To be a great switching team, all five guys have to be on one page, and the Houston Rockets’ defensive captain P.J. Tucker has made this point several times.
The Houston Rockets have been a switch-heavy team for several years now. It was a scheme that came out of necessity against the Golden State Warriors, who were a constant roadblock to the Rockets’ championship efforts.
With the Warriors and other NBA teams deploying multiple screens on a single play, the Rockets’ switching defense always kept a man in front of a shooter. In 2017-18, the strategy pushed Mike D’Antoni’s defense into the top 5 in the NBA and a franchise-record 65 regular season wins.
But last year and for most of this year, their switching defense didn’t produce the results needed to be a top defense. Injuries have been a factor, but one of the main issues was the lack of communication on defense.
No Communication Will Spell Trouble for the Houston Rockets
When you have a defense heavily reliant on switching, communication is the biggest key. This is especially true after the Rockets’ latest trade that sent Clint Capela to the Hawks and left the Rockets with no true center in their rotation.
In this play, you can see how Harden not communicating with his teammates causes a ripple effect on their defense.https://videos.nba.com/nba/pbp/media/2020/02/26/0021900870/236/381b1a79-e231-b985-7e75-3fb9a310885f_1280x720.mp4
Here, when one player misses his assignment and there’s no traditional shot blocker on the court, it is an easy dunk for the Grizzlies. Playing a traditional man-on-man defense where you go under or over a pick doesn’t take the same level of communication because you are generally sticking to your own man.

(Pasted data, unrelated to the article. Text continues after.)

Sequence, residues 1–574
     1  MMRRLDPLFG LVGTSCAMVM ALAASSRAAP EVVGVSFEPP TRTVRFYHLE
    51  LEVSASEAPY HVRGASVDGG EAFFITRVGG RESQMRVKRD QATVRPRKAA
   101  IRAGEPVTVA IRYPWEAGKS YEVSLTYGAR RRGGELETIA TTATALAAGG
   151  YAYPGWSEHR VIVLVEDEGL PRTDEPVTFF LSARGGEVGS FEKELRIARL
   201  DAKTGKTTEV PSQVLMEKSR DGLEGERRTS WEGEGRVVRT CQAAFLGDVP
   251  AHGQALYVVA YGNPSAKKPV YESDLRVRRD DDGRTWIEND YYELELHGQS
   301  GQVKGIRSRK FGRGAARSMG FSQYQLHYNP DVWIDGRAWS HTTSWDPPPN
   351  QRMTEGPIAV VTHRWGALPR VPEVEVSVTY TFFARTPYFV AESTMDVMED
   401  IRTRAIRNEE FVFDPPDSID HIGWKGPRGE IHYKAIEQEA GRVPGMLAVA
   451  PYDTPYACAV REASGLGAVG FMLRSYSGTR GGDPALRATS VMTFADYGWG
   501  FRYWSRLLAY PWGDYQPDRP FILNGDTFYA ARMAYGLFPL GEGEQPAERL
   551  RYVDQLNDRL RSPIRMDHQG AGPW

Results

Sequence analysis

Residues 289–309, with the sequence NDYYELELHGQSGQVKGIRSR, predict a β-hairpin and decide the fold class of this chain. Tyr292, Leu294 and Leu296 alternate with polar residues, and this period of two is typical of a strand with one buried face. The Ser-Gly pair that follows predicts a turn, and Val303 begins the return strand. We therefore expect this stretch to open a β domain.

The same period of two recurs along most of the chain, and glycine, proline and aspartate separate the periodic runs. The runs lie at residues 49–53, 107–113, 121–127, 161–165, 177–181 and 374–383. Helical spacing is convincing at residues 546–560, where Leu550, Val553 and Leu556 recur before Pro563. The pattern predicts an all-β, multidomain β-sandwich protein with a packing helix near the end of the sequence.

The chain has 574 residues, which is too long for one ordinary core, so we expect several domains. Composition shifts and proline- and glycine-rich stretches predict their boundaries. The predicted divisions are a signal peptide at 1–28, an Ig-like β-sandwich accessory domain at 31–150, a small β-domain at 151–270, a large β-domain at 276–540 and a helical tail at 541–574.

When you switch as much as the Rockets, you have to make sure you are alerting your teammate of an upcoming pick so they can anticipate an upcoming switch.
For example, if Eric Gordon doesn’t call out a pick at the top of the key for Robert Covington, that split second can allow Gordon’s man to get to the basket because Covington did not see the screen coming. This is the difference between being a top-five defense and the middle-of-the-pack defense the Rockets have been for almost two seasons.
Tucker has Voiced Concerns on Lack of Communication
P.J. Tucker is the Houston Rockets’ anchor and defensive captain. Tucker isn’t asked to score 20 points per game or be one of the main options on offense, but he’s invaluable on the defensive end. Tucker has always been the loudest voice on the court when it comes to communication.
PJ Tucker mic'd up at training camp ?
— Bleacher Report NBA (@BR_NBA) August 16, 2019
As seen in this clip, Tucker is always communicating on defense. That’s why Tucker makes it a point to bring this up as much as possible. This was Tucker back in March right before the season was halted, as written by Ben DuBose of RocketsWire:
“Our energy, communication, and just the effort that we’re putting out,” Tucker said in listing some of Houston’s points of emphasis. “I’m not saying we’re not playing hard, but we’re just not playing smart.”
This was after the Rockets’ loss to the Orlando Magic that made it four losses in a run. In March, the Rockets had their second-worst team defensive rating of the year. In those five games, they were constantly beaten to the basket and missed defensive assignments. With their lack of size, attention to detail on defense is even more important.
All is Not Lost
The Rockets struggled in the five games right before the pause of the season in March. With the second training camp happening before the resumption of the season, the team will have much-needed practice time to become one cohesive unit on defense.
Practice time and familiarity with one another are the two main ingredients to improve a lacking defense. The Rockets will now have time to implement their new starting five and work on getting their defensive numbers back up where they belong.